“This is a collect call from *** Correctional Facility. Press 0 to accept the charges,” a recorded voice intones in my ear.
I sigh, shift to another foot. I’m not even surprised anymore, not really. I press 0. It’s him, of course.
“Hey babe,” he says, “me and B. got popped out by his house. I’m in here for—“
“You have thirty seconds remaining,” the recorded voice interrupts. I know from experience that your one phone call is only a minute long.
“I love you,” he says in a rush, and I whisper back that I love him too. The call gets cut off.
The next day I read the police report online. Suspended license, drug paraphernalia, cocaine, Xanax and marijuana. The worst part is that he apparently told the police that it was MY car and that the toolbox where the drugs were found was MINE. The car is impounded, and I’m left having to explain to our seven year old why Dad isn’t coming home for a while. This isn’t the first time.
While he is in jail, he sends me a letter.
“….I guess you’ve already guessed it. I’m addicted-to everything and anything I can get my hands on. I don’t know how to stop. I’m so sorry….”
I guess I’ve known for a while, but I didn’t want to admit it. The nodding off, the short temper, the mysterious late night trips to “help a friend with a car” or some other BS excuse. We had lost three places to live from eviction, my son’s possessions carelessly thrown on the curb. He was used to Dad not being around that much, and when he was there he was sleeping or down in the basement. The lies that he told me became too much, too many to count. He lied about money, where he got it and mostly where it went. He stole from me, family members, his own son. I was constantly in fight or flight mode, because I never knew what was going to happen next.
But I didn’t want to give up on him. I knew that he was in there, the man that I married because he had the sweetest heart and kindest soul I ever came across. I told him that I would give him one last chance, though I had given him countless “last chances”. I told myself this was the last one.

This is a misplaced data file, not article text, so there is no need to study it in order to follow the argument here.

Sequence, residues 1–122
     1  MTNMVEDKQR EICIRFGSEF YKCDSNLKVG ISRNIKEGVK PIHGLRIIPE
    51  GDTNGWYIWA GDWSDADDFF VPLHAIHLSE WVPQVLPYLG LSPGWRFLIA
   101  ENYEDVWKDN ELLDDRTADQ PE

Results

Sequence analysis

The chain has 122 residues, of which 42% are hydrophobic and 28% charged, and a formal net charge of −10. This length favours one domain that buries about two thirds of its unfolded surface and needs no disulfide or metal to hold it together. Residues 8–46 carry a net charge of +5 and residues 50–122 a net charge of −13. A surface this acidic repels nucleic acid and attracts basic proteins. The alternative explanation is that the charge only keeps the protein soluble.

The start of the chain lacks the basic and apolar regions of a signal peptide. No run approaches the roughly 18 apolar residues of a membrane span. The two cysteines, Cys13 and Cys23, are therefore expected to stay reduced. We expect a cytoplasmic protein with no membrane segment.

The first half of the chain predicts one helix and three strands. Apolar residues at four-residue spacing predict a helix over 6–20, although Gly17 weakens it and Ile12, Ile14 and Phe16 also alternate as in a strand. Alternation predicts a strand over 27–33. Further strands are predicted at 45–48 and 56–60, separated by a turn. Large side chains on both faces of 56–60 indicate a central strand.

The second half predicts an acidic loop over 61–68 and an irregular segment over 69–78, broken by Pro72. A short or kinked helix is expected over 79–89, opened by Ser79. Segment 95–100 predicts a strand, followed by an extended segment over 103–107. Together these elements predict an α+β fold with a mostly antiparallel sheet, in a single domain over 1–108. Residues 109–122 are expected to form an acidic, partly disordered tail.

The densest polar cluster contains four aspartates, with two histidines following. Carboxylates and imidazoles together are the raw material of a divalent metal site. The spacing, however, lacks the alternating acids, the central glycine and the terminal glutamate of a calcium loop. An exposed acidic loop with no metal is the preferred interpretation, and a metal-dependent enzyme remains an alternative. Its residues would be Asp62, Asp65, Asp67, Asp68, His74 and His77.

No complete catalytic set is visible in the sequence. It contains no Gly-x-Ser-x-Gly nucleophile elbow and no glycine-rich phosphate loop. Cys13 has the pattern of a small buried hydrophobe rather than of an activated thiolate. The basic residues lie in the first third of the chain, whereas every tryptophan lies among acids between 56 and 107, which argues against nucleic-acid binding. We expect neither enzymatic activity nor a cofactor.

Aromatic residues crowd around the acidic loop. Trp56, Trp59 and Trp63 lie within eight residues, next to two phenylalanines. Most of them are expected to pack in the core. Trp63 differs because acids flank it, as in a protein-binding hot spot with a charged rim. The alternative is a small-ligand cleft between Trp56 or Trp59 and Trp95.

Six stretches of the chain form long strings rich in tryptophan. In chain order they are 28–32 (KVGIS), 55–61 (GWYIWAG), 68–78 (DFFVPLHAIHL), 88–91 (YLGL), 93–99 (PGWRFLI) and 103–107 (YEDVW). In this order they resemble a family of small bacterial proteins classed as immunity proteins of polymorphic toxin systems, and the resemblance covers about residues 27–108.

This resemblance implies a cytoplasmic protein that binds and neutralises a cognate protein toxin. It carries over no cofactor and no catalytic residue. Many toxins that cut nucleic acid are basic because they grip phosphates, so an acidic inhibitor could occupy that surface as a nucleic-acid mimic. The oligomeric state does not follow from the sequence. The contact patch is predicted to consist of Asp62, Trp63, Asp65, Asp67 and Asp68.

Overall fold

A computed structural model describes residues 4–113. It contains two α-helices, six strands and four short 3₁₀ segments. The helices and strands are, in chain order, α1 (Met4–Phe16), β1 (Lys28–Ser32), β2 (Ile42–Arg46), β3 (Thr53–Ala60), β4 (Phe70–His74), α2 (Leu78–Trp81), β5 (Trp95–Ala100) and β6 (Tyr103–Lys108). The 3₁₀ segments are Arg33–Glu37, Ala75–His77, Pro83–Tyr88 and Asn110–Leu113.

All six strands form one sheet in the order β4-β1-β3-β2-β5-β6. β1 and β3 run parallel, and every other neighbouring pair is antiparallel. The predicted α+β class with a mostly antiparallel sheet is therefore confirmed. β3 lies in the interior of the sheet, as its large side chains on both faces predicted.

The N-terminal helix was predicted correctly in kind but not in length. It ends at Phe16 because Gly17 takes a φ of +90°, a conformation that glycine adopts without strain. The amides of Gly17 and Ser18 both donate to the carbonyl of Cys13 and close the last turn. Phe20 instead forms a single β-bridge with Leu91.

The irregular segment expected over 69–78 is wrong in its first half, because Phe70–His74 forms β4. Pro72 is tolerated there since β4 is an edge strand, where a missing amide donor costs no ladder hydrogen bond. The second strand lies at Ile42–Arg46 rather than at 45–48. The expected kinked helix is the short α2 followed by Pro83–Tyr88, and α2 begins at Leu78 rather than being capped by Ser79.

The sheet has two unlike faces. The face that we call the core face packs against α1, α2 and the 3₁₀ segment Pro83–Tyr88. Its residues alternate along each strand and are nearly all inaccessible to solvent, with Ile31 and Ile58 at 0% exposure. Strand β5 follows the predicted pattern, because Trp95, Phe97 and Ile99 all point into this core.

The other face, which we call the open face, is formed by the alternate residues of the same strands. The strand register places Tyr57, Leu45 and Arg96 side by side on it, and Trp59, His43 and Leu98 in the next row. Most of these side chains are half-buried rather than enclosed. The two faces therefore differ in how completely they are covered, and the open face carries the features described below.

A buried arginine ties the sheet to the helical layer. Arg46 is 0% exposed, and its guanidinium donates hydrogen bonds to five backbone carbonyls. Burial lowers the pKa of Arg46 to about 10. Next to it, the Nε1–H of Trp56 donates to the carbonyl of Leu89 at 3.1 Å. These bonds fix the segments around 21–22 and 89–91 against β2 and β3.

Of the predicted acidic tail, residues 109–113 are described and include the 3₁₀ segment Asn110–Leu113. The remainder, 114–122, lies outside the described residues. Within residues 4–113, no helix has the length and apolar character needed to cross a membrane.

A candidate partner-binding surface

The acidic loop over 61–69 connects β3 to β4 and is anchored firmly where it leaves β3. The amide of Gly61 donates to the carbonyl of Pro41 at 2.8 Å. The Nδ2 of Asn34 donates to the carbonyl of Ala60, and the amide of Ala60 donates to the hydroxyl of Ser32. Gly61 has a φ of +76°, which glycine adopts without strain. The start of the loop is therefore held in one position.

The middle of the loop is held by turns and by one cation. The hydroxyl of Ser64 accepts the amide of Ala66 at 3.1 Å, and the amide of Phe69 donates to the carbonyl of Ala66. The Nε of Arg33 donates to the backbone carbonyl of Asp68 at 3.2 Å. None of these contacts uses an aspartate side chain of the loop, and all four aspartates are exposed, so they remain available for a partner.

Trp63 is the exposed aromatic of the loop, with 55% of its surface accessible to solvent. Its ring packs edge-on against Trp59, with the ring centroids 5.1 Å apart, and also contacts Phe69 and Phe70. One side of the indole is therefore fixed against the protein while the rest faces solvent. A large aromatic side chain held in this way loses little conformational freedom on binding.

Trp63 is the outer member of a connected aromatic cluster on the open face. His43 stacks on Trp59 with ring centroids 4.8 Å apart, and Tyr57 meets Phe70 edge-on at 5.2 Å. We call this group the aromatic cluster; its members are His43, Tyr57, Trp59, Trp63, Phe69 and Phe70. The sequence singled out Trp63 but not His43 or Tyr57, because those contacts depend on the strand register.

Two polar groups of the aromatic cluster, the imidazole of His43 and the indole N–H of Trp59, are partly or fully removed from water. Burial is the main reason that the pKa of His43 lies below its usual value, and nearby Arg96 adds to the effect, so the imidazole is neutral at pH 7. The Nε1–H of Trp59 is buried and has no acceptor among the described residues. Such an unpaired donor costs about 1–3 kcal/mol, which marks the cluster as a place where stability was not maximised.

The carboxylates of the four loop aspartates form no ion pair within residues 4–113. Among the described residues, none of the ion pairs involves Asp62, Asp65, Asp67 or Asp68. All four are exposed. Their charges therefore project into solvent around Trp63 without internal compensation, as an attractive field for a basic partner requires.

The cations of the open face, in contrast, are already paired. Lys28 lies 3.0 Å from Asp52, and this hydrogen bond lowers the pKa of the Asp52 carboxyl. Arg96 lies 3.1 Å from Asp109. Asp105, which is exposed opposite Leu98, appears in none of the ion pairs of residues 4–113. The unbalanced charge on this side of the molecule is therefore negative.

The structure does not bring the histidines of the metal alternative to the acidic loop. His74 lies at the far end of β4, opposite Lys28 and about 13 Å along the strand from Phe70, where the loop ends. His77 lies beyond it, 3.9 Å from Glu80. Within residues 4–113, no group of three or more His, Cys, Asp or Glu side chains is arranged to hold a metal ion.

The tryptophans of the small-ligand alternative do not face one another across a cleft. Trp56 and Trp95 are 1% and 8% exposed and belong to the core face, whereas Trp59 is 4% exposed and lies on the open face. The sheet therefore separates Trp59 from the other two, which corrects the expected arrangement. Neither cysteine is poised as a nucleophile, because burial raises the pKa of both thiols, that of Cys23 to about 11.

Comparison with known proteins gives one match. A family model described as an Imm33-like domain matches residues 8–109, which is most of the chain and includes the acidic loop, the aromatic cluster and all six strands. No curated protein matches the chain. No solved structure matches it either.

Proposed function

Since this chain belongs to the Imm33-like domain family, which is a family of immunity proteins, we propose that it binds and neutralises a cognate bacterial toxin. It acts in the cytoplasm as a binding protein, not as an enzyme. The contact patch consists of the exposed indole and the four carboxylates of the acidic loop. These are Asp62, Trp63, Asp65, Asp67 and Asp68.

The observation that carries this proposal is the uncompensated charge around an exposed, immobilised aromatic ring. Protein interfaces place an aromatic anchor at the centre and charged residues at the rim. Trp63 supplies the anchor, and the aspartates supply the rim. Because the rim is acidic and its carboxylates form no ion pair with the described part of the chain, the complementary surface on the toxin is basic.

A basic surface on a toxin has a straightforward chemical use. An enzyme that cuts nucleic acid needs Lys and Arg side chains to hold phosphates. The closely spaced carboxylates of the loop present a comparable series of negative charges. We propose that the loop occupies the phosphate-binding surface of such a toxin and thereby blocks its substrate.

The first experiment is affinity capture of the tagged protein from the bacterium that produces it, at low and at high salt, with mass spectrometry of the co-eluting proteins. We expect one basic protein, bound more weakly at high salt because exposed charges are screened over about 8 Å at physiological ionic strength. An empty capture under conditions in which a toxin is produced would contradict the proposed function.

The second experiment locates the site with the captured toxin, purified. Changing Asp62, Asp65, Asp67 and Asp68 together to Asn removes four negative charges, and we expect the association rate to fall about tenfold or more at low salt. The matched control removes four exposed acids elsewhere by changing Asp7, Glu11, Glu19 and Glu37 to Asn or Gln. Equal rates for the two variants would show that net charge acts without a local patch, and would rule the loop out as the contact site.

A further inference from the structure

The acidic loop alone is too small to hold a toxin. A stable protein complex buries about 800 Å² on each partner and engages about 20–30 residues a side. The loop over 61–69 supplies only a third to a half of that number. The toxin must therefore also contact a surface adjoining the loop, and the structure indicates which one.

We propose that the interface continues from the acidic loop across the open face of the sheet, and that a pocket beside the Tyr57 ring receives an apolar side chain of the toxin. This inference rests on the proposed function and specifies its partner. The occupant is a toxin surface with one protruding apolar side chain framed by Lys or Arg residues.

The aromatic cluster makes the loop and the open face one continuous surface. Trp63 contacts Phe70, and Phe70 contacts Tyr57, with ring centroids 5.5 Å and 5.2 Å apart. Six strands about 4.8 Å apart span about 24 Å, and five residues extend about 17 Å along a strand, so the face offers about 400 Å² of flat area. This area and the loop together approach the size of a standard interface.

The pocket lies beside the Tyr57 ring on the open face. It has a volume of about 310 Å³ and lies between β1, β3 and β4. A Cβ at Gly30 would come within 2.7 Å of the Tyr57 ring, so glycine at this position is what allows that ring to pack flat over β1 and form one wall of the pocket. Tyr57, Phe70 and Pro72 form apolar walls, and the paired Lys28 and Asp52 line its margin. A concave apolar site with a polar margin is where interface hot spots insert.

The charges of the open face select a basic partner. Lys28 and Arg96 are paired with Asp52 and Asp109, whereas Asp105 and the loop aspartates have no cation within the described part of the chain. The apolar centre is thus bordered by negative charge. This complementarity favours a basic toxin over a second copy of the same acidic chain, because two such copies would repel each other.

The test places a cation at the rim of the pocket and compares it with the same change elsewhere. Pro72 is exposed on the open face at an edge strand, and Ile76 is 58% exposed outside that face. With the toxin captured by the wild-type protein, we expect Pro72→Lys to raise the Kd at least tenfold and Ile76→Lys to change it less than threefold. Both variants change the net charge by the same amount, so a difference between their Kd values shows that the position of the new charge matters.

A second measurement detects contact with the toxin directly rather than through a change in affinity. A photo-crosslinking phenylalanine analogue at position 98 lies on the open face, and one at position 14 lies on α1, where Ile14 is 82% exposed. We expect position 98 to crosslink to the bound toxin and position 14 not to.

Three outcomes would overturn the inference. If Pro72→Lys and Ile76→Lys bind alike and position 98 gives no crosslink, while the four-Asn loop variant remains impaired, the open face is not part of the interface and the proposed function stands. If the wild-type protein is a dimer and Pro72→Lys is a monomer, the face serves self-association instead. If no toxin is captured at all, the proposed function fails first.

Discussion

He stayed in jail for a while. We talked on the phone, wrote letters. I could hear the drugs leaving his system by his voice; at first he was all stuffed up and grouchy, and it got better as the days went by. He attended drug programs offered by the facility he was in. He made promises and swore this was the last time, he would do better. He wanted to be there for our family.
He came home clean. He looked a thousand times better than he did when he went in; he had gained weight, his skin cleared up and he had a hint of his old smile. At first I couldn’t let my guard down at all. I was just waiting for the signs, promising myself that THIS time I would see it, I would know soon and be able to stop it. I handled all the finances and didn’t let him have access to any of the money. I didn’t trust him to drive my car or to take our son anywhere on his own. I had conditions for him; he had to clear up all his legal issues, had to get and hold a steady job, contribute to the bills, and above all, he HAD to stay clean.
It’s a year later and I’m happy to say that he’s kept every promise. I have my best friend back, my partner in crime. I look back at how I was living and can’t imagine how I ever got through it. But we made it, and I’m so happy that I stuck it out. I can’t wait to grow old with this new, sober husband of mine.
About the author: Devon writes at Little Bits of Pixie Dust.